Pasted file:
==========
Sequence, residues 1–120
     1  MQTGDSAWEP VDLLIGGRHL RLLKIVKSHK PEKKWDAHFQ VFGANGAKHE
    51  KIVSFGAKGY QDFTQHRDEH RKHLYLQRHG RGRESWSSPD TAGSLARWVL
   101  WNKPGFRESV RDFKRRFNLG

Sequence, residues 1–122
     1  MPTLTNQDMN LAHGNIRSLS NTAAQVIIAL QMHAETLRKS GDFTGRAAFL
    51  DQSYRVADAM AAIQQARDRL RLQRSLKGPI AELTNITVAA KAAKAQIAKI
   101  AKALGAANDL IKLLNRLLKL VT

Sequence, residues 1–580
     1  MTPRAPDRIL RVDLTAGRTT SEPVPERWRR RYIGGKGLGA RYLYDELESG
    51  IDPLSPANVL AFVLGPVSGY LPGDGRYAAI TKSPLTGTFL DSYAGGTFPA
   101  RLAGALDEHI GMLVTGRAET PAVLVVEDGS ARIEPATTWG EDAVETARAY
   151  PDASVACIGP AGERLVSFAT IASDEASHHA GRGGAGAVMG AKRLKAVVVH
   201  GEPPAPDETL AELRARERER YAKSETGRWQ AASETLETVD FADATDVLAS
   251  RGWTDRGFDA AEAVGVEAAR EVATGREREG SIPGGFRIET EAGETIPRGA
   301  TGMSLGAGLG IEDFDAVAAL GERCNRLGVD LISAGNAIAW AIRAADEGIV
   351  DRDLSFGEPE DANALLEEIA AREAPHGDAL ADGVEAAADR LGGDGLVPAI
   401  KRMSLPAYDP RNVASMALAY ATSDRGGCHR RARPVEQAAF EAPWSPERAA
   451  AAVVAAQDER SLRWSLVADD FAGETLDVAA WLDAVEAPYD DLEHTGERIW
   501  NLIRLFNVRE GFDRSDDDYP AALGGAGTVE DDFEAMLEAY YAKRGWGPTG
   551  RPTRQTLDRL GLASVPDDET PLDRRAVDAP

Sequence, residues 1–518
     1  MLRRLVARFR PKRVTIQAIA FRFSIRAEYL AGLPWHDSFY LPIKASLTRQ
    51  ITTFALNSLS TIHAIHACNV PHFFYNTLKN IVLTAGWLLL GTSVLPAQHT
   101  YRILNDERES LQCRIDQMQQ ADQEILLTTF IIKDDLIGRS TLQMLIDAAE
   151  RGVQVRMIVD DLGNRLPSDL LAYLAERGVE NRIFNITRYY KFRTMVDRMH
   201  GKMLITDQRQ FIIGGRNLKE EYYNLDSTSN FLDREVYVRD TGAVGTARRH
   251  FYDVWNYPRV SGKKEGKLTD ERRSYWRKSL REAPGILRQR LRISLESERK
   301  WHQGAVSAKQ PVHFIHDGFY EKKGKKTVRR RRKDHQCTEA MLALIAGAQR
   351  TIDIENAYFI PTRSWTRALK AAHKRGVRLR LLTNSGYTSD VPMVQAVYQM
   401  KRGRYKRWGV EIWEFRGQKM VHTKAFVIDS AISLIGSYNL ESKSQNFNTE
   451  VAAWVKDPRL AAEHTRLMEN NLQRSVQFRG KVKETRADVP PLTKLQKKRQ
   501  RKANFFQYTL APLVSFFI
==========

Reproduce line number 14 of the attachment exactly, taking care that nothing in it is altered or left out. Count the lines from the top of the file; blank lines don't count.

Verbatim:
   201  GEPPAPDETL AELRARERER YAKSETGRWQ AASETLETVD FADATDVLAS